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Managing the number of billable users in Atlassian Access

Edited
Tom Lister Community Leader Apr 01, 2022

We are migrating DC to Cloud and have an estimated 1400 users for Jira/Confluence.

We want to user Atlassian Access synced to our LDAP but we have 13000 potential users.


Re the info here:
https://support.atlassian.com/security-and-access-policies/docs/understand-authentication-policies/#What-is-a-nonbillable-policy

My reading of the section on syncing users with Atlassian Access is that our Access bill will be for all 13000 users in our Worldwide LDAP. We can't make synced users non-billable even if they don't use our apps.

Could someone confirm if that is the case? Are there any workarounds?

Tom

3 answers

1 accepted

4 votes
Answer accepted

Hello, @Tom Lister 

For the sake of others who will search and stumble on this thread – Atlassian Access does not support "connection to LDAP" and does not support "sync with LDAP".

In the context of User Provisioning, it supports connecting to an Identify Provider that supports SCIM protocol (not all of them can!), so the IdP can push users and groups it decides to push to Atlassian Access. Azure AD can be this IdP, and it is possible to limit what records are pushed to Access from Azure AD, so you don't have to push everyone, only those who actually need to access Atlassian services.

Please note this group of people may be wider than those who need to access "your apps" – since even Atlassian-own services require an Atlassian Account, and once your email domain is verified in Access, you'll be managing everyone who is in Atlassian Cloud (as a whole) with this domain, whether they are using the apps you pay for or logging into someone else's Cloud Jira, or just logging in into this Community.

In your Access bill you will pay for every managed account that is not deactivated (even if your CEO hasn't logged in into their Trello board for years) unless they are *manually* loaded into the non-billable policy (either by typing up to 20 emails or loading up to 1000 records via CSV import).

As such this statement is not entirely true:

  • Active but NOT provisioned with Jira/Confluence but maybe have... Trello (not managed) do not count.

In the context of Atlassian Access bill, Trello users do count unless they fall under some rather hairy exceptions for legacy accounts. These won't be billed in your "site" bill for Jira/Confluence – but they will be billed in your Atlassian Access bill. Same with users only using Bitbucket Cloud – they won't show up on your Jira/Confluence site bill, but will show up on your Bitbucket *and* Access bills.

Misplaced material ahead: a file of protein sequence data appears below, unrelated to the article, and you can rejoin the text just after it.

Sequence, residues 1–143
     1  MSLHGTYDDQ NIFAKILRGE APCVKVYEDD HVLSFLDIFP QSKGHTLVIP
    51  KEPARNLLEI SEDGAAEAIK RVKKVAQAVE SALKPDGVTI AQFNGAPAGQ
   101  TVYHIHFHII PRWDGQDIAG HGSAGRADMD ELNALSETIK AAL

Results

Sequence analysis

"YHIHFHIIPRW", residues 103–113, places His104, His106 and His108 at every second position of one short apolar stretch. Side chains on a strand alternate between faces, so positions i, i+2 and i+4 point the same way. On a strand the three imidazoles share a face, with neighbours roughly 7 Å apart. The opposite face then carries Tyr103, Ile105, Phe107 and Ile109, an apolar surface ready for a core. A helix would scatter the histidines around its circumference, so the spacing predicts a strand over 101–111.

Unfortunately, whether a user is loaded into non-billable policy or not is absolutely unclear to someone managing one of the applications. So you may end up with someone who was loaded into non-billable policy months ago, being given access to a critical application today – the very one that Atlassian Access was probably purchased to protect with security controls (e.g. 2FA and password strength or SAML SSO with your IdP). Since the non-billable policy doesn't allow security controls to be enforced (it's like saying "these are not my users at all despite using an account from my company) – the very use of it is a security concern on itself (read: "do not use!" if you can)

To be precise even further on the AD/LDAP topic – Atlassian Access does not support AD for SSO either, so this statement is not correct as well:

When it comes to SSO, you "CAN" use AD/LDAP

What is supported for SSO is here: 

https://support.atlassian.com/security-and-access-policies/docs/configure-saml-single-sign-on-with-an-identity-provider/#Set-up-SAML-single-sign-on

Access supports ADFS and Azure AD – neither of which is "AD/LDAP". Sure, they can be backed by your on-premises AD as well as other user sources – but if all your have is on-premises AD, the statement that you can just connect to it is misleading.

Tom Lister Community Leader Apr 02, 2022

Thank you @Ed Letifov _TechTime - New Zealand_ 

that is by far the clearest explanation I’ve read. Atlassisn docs are a maze.

I undetstand the SSO comment and we have Azure AD connected to our company LDAP. I haven’t found in the Atlassian docs how to limit which users we sync with in Azure.

Is this filter settable on our connection only or set for Azure as a whole? We are thinking to use OU properties. Although this may complicate our user on boarding slightly.

due to budget constraints, anyone who is not our Jira users will be treated as not my users. 

Tom

Like Steffen Opel _Utoolity_ likes this

@Tom Lister 

1) "Anyone who is not our Jira users will be treated as not my users" – I am yet to meet a Security Team that would accept this. They have to assess the risk of user that was declared "not your user" today causing a problem tomorrow. Do run this by your security team!

Also considering that new users from your organisation are only added automatically to the default authentication policy in Access – you are facing an admin nightmare to maintain users. You will either have to manually load your new users via CSV import into the SSO policy (when it's not the default one – these are the very users that your IdP just pushed to Access via SCIM) or all others into the non-billable one (when the SSO one is the default one). 

Do note, if you don't push all 13k to Cloud, you don't necessarily have to pay for 13k users... Only if they somehow are already in the Cloud...

2) Re: Setting up Azure AD side – in Azure AD you install an app to connect to Atlassian Access. With any app you have two options – either you make it available to every user in Azure AD or you map groups, thus making the app available to the members of these groups only. This translates into "all" vs. "only these users" being pushed to Access side.

Unfortunately push of the groups will happen only if you map groups. Having groups come in from Azure AD usually is very useful – the holy grail for security is to add a user to a group in Azure AD and then everything just flows from there.

Here is an answer I've written previously on how we (TechTime, a Platinum Solution Partner in New Zealand) recommend setting it up with Azure AD – see: Integrate Azure AD with Atlassian Cloud 

Our clients usually want to have tight control over who from the organisations is allowed into Atlassian systems, so usually use groups with explicit membership both for SSO and User Provisioning. You may tweak this to your original problem statement to avoid managing 13k users by having all users allowed (i.e. no group mapping) on SSO side, and only specific groups of "your users" on the User Provisioning side.